A random drawing of non-contract hospitals failed to create a reliable control for hospitals identified as contract-adopters, because the sampling strategy involves drawing all hospitals that adopted contract management across years, and because those hospitals differ in profile from internally managed hospitals. More specifically, a much higher proportion of contract-managed hospitals are rural (see Table 2). These hospitals are also more likely to be government-affiliated hospitals, less likely to be not-for-profit, are lower in case-mix index, and have longer lengths of stay. To account for these differences we used propensity scores to reduce the bias in drawing the comparison group.

Propensity scores, or conditional probabilities of adopting contract management, were estimated for each hospital using logistic regression, pooling contract-adopters with all non-contract hospitals in the database. We performed two regressions corresponding to the ‘pre’ and ‘post’ periods. The first regression included all available observations for the adoption years 1993–1998 and the second included those for adoption years 1992–1996. We incorporated all variables used to explain variation in cost as covariates in the logit regression. Table A1 shows the results of these regressions. Although results of these regressions are tangential to our main question, a number of results are worth noting: What matters in the distinction of contract adopters is ownership form and locality. Contract management is on the order of two times as likely to be found among hospitals with government control, non-profit status, or rural location.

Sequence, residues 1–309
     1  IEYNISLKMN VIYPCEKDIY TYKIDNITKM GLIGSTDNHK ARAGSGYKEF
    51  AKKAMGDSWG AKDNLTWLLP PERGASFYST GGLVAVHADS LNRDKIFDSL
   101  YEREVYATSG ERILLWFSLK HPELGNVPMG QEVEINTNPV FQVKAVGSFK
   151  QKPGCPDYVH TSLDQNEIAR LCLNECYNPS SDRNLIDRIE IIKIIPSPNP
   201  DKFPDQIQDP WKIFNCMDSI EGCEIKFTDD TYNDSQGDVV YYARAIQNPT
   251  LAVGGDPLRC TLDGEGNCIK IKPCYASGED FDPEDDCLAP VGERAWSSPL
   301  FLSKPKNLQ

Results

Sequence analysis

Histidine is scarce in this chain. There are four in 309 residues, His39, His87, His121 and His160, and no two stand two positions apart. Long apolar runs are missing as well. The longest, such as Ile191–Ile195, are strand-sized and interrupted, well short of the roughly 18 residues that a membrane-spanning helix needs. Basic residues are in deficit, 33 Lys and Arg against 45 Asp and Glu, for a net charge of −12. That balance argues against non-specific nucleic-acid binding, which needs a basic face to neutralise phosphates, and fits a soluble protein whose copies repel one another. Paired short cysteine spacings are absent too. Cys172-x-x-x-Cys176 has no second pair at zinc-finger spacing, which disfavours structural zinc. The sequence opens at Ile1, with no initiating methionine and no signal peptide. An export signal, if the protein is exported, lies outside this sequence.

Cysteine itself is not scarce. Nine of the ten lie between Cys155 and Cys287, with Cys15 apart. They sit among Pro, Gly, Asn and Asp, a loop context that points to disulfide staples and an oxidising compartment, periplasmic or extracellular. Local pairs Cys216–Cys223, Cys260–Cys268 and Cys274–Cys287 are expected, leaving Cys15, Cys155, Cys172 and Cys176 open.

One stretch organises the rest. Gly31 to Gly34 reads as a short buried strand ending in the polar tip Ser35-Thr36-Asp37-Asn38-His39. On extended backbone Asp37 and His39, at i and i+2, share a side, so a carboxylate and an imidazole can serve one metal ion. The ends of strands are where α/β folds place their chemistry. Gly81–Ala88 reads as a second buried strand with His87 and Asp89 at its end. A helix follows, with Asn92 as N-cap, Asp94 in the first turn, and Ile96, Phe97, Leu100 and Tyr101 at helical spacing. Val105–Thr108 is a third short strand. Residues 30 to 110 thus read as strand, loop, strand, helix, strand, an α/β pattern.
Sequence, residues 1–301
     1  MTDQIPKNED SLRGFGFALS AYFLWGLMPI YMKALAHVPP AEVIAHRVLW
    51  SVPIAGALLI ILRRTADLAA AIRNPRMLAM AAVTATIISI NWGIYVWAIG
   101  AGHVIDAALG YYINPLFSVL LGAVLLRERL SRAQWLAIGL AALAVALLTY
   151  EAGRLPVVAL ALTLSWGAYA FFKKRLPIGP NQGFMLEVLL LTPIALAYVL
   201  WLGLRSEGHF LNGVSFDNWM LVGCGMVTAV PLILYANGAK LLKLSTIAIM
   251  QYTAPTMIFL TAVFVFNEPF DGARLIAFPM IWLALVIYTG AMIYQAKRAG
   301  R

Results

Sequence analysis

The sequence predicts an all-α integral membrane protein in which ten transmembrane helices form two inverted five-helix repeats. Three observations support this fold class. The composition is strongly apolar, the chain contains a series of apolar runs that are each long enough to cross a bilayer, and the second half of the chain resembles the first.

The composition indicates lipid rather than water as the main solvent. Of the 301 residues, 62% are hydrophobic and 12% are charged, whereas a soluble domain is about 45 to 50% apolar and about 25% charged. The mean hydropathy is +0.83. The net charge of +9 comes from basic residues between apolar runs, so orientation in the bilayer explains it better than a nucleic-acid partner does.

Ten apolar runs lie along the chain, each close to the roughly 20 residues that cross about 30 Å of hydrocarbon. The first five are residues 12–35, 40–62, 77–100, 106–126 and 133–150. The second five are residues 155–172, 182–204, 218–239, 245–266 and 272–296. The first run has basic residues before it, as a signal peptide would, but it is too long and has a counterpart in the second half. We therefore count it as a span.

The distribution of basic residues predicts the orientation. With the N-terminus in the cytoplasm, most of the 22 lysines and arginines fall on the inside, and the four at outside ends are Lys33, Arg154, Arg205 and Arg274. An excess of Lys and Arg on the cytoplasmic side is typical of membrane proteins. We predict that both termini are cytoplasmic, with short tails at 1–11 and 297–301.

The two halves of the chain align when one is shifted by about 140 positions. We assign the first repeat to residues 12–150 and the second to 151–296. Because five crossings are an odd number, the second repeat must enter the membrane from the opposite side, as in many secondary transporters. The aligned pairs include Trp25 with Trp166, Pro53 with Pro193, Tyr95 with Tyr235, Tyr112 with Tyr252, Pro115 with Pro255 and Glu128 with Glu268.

Table A1 Propensity score model (logit)

Stratification proceeded by dividing the propensity scores from the combined groups into quintiles. Stratification also took into account the distribution of contract-managed hospitals over time. Table A2 reports stratum boundaries for propensity scores and sampling distributions by quintile-year cells. Counts pertain to hospitals in the contract-managed group. The control groups were finally drawn randomly within propensity score quintile-year cells (without replacement). For purposes of cost function estimation we produced two control groups each containing three times the number of contract adopters that matched the adopter groups’ distributions. Cost function estimation pertained to two years prior and two year after the year of adoption.

Table A2 Propensity score distributions by quintile and year

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Carey, K., Dor, A. Expense preference behavior and management “outsourcing”: a comparison of adopters and non-adopters of contract management in U.S. hospitals. J Prod Anal 29, 61–75 (2008). https://doi.org/10.1007/s11123-007-0065-3

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  • Expense preference
  • Hospitals
  • Contract management

JEL Classifications

  • D24
  • L24